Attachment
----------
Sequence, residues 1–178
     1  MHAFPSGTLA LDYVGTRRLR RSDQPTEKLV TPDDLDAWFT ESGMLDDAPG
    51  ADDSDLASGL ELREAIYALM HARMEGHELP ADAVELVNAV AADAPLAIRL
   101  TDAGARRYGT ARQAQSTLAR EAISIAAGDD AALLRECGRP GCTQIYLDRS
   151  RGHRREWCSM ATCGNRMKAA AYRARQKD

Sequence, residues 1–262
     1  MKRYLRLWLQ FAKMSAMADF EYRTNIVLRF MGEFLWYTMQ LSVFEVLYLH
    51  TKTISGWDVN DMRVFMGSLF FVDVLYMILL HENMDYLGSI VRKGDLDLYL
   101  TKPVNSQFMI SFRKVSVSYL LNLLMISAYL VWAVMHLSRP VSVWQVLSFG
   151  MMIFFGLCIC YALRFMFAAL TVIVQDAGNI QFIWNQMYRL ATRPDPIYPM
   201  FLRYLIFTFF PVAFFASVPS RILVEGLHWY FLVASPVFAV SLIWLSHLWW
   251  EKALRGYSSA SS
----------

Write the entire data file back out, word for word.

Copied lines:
Sequence, residues 1–178
     1  MHAFPSGTLA LDYVGTRRLR RSDQPTEKLV TPDDLDAWFT ESGMLDDAPG
    51  ADDSDLASGL ELREAIYALM HARMEGHELP ADAVELVNAV AADAPLAIRL
   101  TDAGARRYGT ARQAQSTLAR EAISIAAGDD AALLRECGRP GCTQIYLDRS
   151  RGHRREWCSM ATCGNRMKAA AYRARQKD

Sequence, residues 1–262
     1  MKRYLRLWLQ FAKMSAMADF EYRTNIVLRF MGEFLWYTMQ LSVFEVLYLH
    51  TKTISGWDVN DMRVFMGSLF FVDVLYMILL HENMDYLGSI VRKGDLDLYL
   101  TKPVNSQFMI SFRKVSVSYL LNLLMISAYL VWAVMHLSRP VSVWQVLSFG
   151  MMIFFGLCIC YALRFMFAAL TVIVQDAGNI QFIWNQMYRL ATRPDPIYPM
   201  FLRYLIFTFF PVAFFASVPS RILVEGLHWY FLVASPVFAV SLIWLSHLWW
   251  EKALRGYSSA SS